Chapter 25 Working with pain in labour
This chapter explores the midwifery art of being with women in pain in labour. The advantages of promoting women’s confidence in their ability to cope with pain are discussed in relation to evidence that supports this approach. Historical, psychosocial, cultural and feminist perspectives on pain in labour are presented in order to inform and highlight exemplary midwifery practice.
This chapter is concerned with the midwifery art of being with women in pain in labour. As such, it explores the rationale for engaging with women and their families1 around the role of pain in normal birth. While acknowledging that midwives must be prepared to support all women in labour, including those who choose to use pain medication (van Hoover 2000), it is not the intent of this chapter to give midwives information about specific methods of ‘pain relief’ and their administration; there are comprehensive textbooks about pain in childbirth that cover this more fully than is the intention here.2
There are also handbooks that explore the practicalities of supporting labouring women using ‘active birth’ techniques (Robertson 1994; Simkin & Anchetta 2000). The authors of this chapter are assuming that midwives will be aware of the benefits of providing supportive strategies such as encouraging women to move around, find positions that feel right, use water, and make noise if they wish. It is essential that midwives have these skills if they are to work with women in pain and encourage normal birth. In a culture where epidural anaesthesia is increasingly being promoted, it is also important that midwives are able to articulate why there is value in working with pain in labour, as opposed to taking away pain (Leap & Anderson 2008). This is especially important because although there has been an increase in numbers of women wanting to use epidurals, there has also been an increase in those wanting to avoid all kinds of analgesia (Henry & Nand 2004; Horrowitz et al 2004).
It has been suggested that anticipation of labour pain causes intense anxiety for many women (Coombes & Schonveld 1992; Lowe 1989; Shearer 1993) and that this can have a negative effect on their experience of birth (Green et al 2003). This chapter offers an overview of the evidence that midwives can draw on in order to engage with women around pain in labour, with a view to addressing these anxieties and enabling situations in which women can feel more powerful and confident as a result of their experiences of pregnancy and birth. In order to achieve this, it is imperative that midwives explore and appreciate the various meanings that may be associated with labour pain for individual women and their families (Mander 2000). An understanding of how perspectives on the physiology of pain and the culture of ‘pain relief in labour’ have evolved over the past century in industrialised countries will provide a starting point.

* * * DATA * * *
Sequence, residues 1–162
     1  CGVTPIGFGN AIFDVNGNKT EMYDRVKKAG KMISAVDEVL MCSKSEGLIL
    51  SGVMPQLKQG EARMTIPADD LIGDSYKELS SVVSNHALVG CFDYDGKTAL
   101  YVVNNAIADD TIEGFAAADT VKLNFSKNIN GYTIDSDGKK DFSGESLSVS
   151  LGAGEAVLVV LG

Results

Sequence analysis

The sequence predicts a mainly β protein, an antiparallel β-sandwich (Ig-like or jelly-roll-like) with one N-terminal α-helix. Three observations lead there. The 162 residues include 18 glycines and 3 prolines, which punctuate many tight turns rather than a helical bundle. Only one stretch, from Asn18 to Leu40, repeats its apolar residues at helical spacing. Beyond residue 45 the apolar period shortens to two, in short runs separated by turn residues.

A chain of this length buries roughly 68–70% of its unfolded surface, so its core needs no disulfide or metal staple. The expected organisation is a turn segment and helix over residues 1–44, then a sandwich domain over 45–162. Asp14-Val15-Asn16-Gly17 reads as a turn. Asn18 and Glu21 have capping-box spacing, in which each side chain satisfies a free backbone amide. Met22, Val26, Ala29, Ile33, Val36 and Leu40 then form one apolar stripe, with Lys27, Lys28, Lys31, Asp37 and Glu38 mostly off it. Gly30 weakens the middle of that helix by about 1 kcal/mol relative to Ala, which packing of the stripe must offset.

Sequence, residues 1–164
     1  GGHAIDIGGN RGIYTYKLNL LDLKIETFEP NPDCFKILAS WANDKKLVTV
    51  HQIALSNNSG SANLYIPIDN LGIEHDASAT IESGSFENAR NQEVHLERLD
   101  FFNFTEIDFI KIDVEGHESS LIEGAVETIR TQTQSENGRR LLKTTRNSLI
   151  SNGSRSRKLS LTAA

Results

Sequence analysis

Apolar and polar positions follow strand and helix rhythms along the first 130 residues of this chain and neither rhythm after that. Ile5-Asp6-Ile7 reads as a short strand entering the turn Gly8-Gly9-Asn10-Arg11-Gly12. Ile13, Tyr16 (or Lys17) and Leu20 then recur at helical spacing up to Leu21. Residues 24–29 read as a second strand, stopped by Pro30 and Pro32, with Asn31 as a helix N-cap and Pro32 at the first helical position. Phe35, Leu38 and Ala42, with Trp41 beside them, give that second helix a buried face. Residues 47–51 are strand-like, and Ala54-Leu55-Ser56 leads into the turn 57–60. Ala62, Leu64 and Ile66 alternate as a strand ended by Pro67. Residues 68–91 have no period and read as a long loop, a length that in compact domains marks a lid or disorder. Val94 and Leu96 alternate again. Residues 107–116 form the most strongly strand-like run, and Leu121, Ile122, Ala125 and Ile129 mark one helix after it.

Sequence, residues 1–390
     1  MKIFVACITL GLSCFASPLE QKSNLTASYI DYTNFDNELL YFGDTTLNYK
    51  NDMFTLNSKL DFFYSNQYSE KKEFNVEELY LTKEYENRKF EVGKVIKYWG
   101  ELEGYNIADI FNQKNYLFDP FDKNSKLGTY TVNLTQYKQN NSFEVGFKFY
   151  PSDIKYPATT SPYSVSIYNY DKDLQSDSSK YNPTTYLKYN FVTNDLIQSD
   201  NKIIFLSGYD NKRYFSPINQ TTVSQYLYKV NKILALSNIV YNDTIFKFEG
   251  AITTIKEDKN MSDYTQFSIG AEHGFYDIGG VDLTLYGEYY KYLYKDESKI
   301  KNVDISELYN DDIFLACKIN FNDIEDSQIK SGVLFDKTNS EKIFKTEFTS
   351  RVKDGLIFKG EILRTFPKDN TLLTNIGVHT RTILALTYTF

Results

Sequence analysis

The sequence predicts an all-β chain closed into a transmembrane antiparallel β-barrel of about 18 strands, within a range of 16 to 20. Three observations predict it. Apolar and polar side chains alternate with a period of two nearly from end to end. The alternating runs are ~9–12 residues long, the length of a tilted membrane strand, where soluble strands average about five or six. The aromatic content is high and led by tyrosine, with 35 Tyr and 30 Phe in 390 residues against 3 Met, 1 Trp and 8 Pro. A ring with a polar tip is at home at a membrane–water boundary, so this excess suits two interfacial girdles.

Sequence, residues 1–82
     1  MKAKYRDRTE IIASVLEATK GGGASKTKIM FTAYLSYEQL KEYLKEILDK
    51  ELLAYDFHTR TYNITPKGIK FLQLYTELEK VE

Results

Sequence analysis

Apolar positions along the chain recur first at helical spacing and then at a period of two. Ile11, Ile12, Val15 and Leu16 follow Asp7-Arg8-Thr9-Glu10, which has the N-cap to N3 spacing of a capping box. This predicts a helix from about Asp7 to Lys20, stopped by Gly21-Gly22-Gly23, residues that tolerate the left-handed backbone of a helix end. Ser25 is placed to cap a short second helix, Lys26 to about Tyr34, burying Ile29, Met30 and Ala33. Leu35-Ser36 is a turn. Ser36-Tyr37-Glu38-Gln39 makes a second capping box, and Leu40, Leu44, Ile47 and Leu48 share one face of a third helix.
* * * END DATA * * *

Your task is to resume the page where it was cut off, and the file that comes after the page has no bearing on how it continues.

A comprehensive history of the development of pain theories can be found in Melzack and Wall’s The Challenge of Pain (1988). The traditional theory of pain is known as ‘specificity theory’. Pain is seen as no more than a particularly complex signal, broadcast over nerves leading from the site of injury to the brain, as first suggested by Descartes in 1664 and modified by Muller in 1842 and von Frey in 1894. Various theories on pain were developed in the first half of the 20th century, but a major breakthrough occurred in 1965 when Melzack and Wall proposed the ‘gate control theory of pain’; this provided a conceptual framework for understanding how pain messages are filtered and facilitated or inhibited through a ‘gate’ in the spinal cord that modulates reception and responses (Melzack & Wall 1965). In recent years, Melzack (1999) has proposed the ‘neuromatrix’ theory of pain, which retains key elements of the gate theory, but includes additional inputs from the brain. Memory, emotion, cultural factors, stress regulation, immune systems and past experiences all play a role in how the brain processes and synthesises genetic and sensory nerve impulses. The neuromatrix theory of pain can be used to enable understandings about the complexity of responses to pain and may also provide a framework for exploring the beneficial effects of non-pharmacological methods of pain relief in labour (Trout 2004).
The notion of a systematic approach to ‘pain control’ in labour began in Edinburgh with the experimental work of James Young Simpson in the 1840s (Caton 1999). Simpson’s introduction of inhalation anaesthesia in childbirth spawned a series of campaigns led by middle-class women demanding access to this resource. Such demands played a significant role in the move from home to hospital birth in the 20th century. Debates and concerns about the advisability of analgesia and anaesthesia, in terms of safety and possible physical and psychological consequences, have changed little since Simpson’s day. The potential harmful side-effects of drugs and the social value of pain versus the preservation of meaning in childbirth when pain is removed continue to be hotly debated issues (Caton 1999) that affect how women approach labour pain.